Career and research
Tony Segal was born in Johannesburg, South Africa, and grew up in a small town called Bulawayo, in what was then Southern Rhodesia (now Zimbabwe). He was schooled locally and then studied Medicine at the University of Cape Town and Groote Schuur hospital, where he undertook house-physician and house-surgeon positions. After six months as a medical registrar in the cardiothoracic department of Wentworth Hospital in Durban he moved to London where he attended the Royal College of Surgeons and obtained his primary fellowship. He then worked in the Accident and Emergency department at the Hammersmith hospital, followed by six months as senior house officer to the rheumatologist Eric Bywaters.
Tony then moved to the MRC Clinical Research Centre as registrar in Gastroenterology, during which time he studied Biochemistry at evening classes at Chelsea College. Over the next decade he specialised as a gastroenterologist and held various positions at Northwick Park and the Hammersmith hospitals before moving to University College London as a Wellcome Trust Senior Clinical Fellow. In 1986 he was appointed to the Charles Dent Chair of Medicine, a position that he has held ever since, and Head of the Centre for Molecular Medicine. Initially a clinical gastroenterologist, his interest in immunity resulted in him starting a clinical service for immunodeficiency. He served on the Council of the European Society for Clinical Investigation for four years, and in 1984 he started the Phagocyte Workshop of that society, which is running to this day. He was a member of three of the finding panels of the Wellcome Trust, chairing the International Interest group. In 1998 he was a Founding Fellow of the Academy of Medical Sciences and was elected as a Fellow of the Royal Society, and has served on and chaired, several Royal Society committees. He has been Charles Dent Professor of Medicine, University College London, since 1986. He was a founding Fellow of the Academy of Medical Sciences and elected a Fellow of the Royal Society in 1998. In 2014 he was awarded the UCL Prize Lecture in Clinical Science Prize. His recent work is concerned with Crohn's disease and the role played by neutrophils in killing bacteria and fungi.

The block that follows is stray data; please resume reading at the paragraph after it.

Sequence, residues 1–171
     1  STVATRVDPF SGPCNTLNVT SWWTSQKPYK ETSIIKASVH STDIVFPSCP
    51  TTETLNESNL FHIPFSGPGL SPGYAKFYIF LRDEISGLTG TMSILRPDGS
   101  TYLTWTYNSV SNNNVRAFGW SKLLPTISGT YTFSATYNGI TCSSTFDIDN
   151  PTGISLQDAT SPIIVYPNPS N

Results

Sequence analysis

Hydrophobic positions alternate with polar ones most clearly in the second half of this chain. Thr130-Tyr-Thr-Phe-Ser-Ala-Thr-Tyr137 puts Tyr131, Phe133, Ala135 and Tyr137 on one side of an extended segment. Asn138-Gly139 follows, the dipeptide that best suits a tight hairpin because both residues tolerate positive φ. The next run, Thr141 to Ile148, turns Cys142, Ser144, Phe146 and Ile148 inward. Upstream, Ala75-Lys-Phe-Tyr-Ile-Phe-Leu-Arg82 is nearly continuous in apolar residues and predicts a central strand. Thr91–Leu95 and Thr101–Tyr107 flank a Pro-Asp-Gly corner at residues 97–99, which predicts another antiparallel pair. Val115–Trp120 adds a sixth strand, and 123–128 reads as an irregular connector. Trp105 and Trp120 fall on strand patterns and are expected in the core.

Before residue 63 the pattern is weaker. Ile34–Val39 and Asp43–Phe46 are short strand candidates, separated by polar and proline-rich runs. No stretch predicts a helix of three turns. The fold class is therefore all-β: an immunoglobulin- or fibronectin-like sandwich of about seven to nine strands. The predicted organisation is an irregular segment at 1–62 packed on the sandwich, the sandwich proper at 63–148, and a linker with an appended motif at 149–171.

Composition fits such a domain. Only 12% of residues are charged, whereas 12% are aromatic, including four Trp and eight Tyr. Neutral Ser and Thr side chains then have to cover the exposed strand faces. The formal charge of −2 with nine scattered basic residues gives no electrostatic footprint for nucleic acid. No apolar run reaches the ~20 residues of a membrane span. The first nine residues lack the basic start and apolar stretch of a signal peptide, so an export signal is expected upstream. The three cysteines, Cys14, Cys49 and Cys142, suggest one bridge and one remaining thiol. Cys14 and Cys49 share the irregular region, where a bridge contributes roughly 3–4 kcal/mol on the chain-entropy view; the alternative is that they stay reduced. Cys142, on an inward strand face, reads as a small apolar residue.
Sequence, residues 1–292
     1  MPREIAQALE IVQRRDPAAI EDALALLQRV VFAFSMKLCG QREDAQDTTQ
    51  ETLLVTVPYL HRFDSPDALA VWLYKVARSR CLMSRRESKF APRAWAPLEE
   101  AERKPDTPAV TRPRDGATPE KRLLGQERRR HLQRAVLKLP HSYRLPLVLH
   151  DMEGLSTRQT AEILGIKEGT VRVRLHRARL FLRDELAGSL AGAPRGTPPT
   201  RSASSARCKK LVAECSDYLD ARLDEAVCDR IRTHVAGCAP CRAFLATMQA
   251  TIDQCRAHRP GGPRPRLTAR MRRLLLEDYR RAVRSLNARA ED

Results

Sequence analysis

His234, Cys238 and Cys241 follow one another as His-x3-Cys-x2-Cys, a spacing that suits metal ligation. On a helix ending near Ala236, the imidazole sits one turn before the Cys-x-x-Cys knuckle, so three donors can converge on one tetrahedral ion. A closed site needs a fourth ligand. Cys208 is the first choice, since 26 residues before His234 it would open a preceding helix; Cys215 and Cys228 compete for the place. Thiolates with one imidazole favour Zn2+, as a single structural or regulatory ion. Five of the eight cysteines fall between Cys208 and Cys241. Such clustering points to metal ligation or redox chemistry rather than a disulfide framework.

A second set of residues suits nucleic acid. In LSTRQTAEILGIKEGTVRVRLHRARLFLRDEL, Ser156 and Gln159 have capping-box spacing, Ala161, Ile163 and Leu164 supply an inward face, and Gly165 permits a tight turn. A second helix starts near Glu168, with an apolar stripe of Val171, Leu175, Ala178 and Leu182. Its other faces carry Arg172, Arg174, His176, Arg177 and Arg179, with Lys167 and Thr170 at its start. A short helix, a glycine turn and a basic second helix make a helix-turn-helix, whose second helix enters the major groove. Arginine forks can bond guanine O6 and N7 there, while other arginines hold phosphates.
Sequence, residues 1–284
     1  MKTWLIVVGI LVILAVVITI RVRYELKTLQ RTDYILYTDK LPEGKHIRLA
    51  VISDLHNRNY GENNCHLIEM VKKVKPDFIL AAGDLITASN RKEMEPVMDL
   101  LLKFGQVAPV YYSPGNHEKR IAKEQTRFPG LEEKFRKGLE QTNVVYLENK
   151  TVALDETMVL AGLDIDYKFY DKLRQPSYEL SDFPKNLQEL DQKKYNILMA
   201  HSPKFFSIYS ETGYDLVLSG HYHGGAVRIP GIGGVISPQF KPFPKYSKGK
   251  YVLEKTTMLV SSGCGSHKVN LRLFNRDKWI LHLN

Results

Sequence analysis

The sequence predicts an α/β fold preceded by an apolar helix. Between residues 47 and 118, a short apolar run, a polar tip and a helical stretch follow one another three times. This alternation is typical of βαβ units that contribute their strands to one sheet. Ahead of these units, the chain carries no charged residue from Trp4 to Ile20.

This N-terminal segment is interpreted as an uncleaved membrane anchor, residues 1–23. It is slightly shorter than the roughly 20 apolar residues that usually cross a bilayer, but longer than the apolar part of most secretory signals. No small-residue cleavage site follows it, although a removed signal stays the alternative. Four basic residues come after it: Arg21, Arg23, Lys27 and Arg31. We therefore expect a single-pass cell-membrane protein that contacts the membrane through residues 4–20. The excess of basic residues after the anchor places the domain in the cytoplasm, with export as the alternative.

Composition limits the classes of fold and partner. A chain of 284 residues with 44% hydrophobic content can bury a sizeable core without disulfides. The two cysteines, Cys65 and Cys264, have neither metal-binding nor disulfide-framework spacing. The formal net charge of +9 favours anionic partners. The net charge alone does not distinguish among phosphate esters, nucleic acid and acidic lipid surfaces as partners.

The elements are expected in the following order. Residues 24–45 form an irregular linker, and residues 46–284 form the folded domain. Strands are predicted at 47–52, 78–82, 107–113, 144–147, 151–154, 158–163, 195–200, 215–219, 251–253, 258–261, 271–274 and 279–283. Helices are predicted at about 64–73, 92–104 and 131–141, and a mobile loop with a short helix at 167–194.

He was a co-founder of three biotech companies, University Diagnostics, Inpharmatica and Ark Therapeutics.
Recent key publications
- Segal, Anthony W (2016). "NADPH oxidases as electrochemical generators to produce ion fluxes and turgor in fungi, plants and humans". Open Biology. 6 (5): 160028. doi:10.1098/rsob.160028. PMC . PMID 27249799.
- Levine, A. P; Segal, A. W (2016). "The NADPH Oxidase and Microbial Killing by Neutrophils, with a Particular Emphasis on the Proposed Antimicrobial Role of Myeloperoxidase within the Phagocytic Vacuole". Microbiology Spectrum. 4 (4). doi:10.1128/microbiolspec.MCHD-0018-2015. PMID 27726789.
- Levine, Adam P; Duchen, Michael R; De Villiers, Simon; Rich, Peter R; Segal, Anthony W (2015). "Alkalinity of Neutrophil Phagocytic Vacuoles is Modulated by HVCN1 and Has Consequences for Myeloperoxidase Activity". PLOS One. 10 (4): e0125906. doi:10.1371/journal.pone.0125906. PMC . PMID 25885273.
- Segal, Anthony W (2016). "Making sense of the cause of Crohn's – a new look at an old disease". F1000Research. 5: 2510. doi:10.12688/f1000research.9699.2. PMC . PMID 28105308.
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